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Natasha is co-author of Rage and Reason: Women Playwrights on Playwriting, a powerful book exploring the craft of play-writing and the pressures of working within a male dominated environment. Does she think we have made progress when it comes to gender representation?  “It’s a lot more balanced in terms of women playwrights and there are certainly a lot more BAME playwrights. However, theatre could and should do more; in terms of who’s running the buildings and who is directing work for our nations stages,” says Langridge.

Does she think that mainstream press is doing enough to tackle serious topics within our contracting society, I ask. “The press are not using their responsibility wisely and they are not going to use it,” she explains. “They have a different agenda and that agenda is the status quo. Everybody is hungry for change. What’s different about this piece is I am talking about issues that have affected me directly. It’s a very personal piece.”

The failure by the Tories to tackle the severe housing shortage is part of an ideology to target the vulnerable. We can all make a difference, she thinks. “Ask yourself: what can you contribute? What are you contributing? Are you contributing something positive? Make a difference within your local community,” she pauses, “One of the reasons that we have allowed ourselves to be so fucked over is that we have a government who allow homeless people to sleep on the streets, ensures workers are not earning enough to live on and a political party that is dismantling our public services,” she says.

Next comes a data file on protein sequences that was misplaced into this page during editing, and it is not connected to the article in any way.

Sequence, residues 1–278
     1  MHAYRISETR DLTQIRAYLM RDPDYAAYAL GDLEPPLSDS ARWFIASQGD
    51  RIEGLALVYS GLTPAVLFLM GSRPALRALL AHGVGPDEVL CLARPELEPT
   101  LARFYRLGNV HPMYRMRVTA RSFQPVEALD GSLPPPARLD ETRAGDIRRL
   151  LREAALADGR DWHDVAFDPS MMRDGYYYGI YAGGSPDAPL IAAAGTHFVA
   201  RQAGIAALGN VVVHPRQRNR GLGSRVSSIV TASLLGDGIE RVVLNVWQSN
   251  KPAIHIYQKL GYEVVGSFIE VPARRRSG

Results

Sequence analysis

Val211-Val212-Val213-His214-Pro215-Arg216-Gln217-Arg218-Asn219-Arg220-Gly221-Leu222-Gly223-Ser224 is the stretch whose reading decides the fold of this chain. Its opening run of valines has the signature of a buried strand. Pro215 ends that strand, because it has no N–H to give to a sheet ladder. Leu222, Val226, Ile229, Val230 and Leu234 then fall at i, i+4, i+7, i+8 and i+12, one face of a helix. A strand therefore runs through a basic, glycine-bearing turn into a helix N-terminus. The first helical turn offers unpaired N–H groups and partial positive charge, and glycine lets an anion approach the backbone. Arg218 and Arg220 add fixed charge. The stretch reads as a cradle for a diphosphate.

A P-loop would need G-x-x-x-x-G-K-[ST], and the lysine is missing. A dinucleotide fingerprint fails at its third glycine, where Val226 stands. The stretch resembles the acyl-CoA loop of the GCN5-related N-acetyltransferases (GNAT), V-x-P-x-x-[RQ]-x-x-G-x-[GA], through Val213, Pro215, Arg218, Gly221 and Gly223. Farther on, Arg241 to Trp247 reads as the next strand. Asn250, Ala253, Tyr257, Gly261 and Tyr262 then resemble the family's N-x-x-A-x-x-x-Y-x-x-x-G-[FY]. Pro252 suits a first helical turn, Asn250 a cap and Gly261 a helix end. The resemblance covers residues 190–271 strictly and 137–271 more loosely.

Making your own work is an excellent way to get noticed and bring your ideas to life. What is her advice for aspiring artists who have something to say in 2017? “Do what you believe in and do what is in your heart. That is what theatre needs and not necessarily clever stuff but stuff that is actually felt. It’s a difficult thing writing,” she says.

The point, for her, is that we aren’t taking the time to look out for one another. “One of the reasons is that we have lost touch with each other. We’ve been encouraged to only do well for ourselves. We’ve forgotten each other and what makes us happy and we need to make a change.”

Langridge maintains that we have to wake up. “Fight for what you believe in. Ask yourself what can you contribute? Are you contributing something positive? Add to the wave – we are at a point where it is sink or swim,” she says defiantly.

What a woman.

In Memory of Leaves Buy tickets HERE >> http://in-memory-of-leaves.natasha-langridge.com/

Meanwhile Gardens

The Fordham Gallery Barge moored at Meanwhile Gardens Grand Union Canal*

Nearest tube: Westbourne Park

Wednesday October 4th – Saturday 7th 7.30p

Camden Lock

The Fordham Gallery Barge moored at Camden Lock (Visitors Mooring) Regents Canal*

Nearest tube: Camden Town

Wednesday 11th October – Saturday 14th 7.30pm

Hackney Wick

The Fordham Gallery Barge moored at Hackney Wick White Post Lane River Lee*

Nearest overground: Hackney Wick

Wednesday 18thOctober – Saturday 21st October 7.30pm